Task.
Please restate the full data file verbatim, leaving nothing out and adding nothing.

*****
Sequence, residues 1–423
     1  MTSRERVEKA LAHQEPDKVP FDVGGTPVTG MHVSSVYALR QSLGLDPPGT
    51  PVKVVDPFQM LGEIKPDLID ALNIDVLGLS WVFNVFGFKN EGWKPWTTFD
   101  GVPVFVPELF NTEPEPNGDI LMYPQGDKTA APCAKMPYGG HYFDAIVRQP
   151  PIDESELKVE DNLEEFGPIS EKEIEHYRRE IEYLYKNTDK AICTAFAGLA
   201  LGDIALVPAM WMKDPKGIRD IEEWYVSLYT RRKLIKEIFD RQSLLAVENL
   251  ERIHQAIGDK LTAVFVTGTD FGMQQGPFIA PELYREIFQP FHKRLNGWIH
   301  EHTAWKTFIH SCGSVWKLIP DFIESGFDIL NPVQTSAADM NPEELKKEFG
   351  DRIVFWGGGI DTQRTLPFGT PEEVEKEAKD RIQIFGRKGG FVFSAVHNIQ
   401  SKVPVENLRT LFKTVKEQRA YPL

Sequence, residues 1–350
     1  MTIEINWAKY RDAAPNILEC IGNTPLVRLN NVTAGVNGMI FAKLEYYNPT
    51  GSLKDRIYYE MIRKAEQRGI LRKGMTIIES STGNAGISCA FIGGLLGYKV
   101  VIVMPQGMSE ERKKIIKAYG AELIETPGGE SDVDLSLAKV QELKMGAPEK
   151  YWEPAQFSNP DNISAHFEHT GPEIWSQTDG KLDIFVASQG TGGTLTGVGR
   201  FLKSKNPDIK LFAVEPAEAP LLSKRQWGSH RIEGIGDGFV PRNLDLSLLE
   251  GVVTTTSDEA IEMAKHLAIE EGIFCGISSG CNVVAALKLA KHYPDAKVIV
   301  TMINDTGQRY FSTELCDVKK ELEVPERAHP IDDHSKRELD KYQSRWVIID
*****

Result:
Sequence, residues 1–423
     1  MTSRERVEKA LAHQEPDKVP FDVGGTPVTG MHVSSVYALR QSLGLDPPGT
    51  PVKVVDPFQM LGEIKPDLID ALNIDVLGLS WVFNVFGFKN EGWKPWTTFD
   101  GVPVFVPELF NTEPEPNGDI LMYPQGDKTA APCAKMPYGG HYFDAIVRQP
   151  PIDESELKVE DNLEEFGPIS EKEIEHYRRE IEYLYKNTDK AICTAFAGLA
   201  LGDIALVPAM WMKDPKGIRD IEEWYVSLYT RRKLIKEIFD RQSLLAVENL
   251  ERIHQAIGDK LTAVFVTGTD FGMQQGPFIA PELYREIFQP FHKRLNGWIH
   301  EHTAWKTFIH SCGSVWKLIP DFIESGFDIL NPVQTSAADM NPEELKKEFG
   351  DRIVFWGGGI DTQRTLPFGT PEEVEKEAKD RIQIFGRKGG FVFSAVHNIQ
   401  SKVPVENLRT LFKTVKEQRA YPL

Sequence, residues 1–350
     1  MTIEINWAKY RDAAPNILEC IGNTPLVRLN NVTAGVNGMI FAKLEYYNPT
    51  GSLKDRIYYE MIRKAEQRGI LRKGMTIIES STGNAGISCA FIGGLLGYKV
   101  VIVMPQGMSE ERKKIIKAYG AELIETPGGE SDVDLSLAKV QELKMGAPEK
   151  YWEPAQFSNP DNISAHFEHT GPEIWSQTDG KLDIFVASQG TGGTLTGVGR
   201  FLKSKNPDIK LFAVEPAEAP LLSKRQWGSH RIEGIGDGFV PRNLDLSLLE
   251  GVVTTTSDEA IEMAKHLAIE EGIFCGISSG CNVVAALKLA KHYPDAKVIV
   301  TMINDTGQRY FSTELCDVKK ELEVPERAHP IDDHSKRELD KYQSRWVIID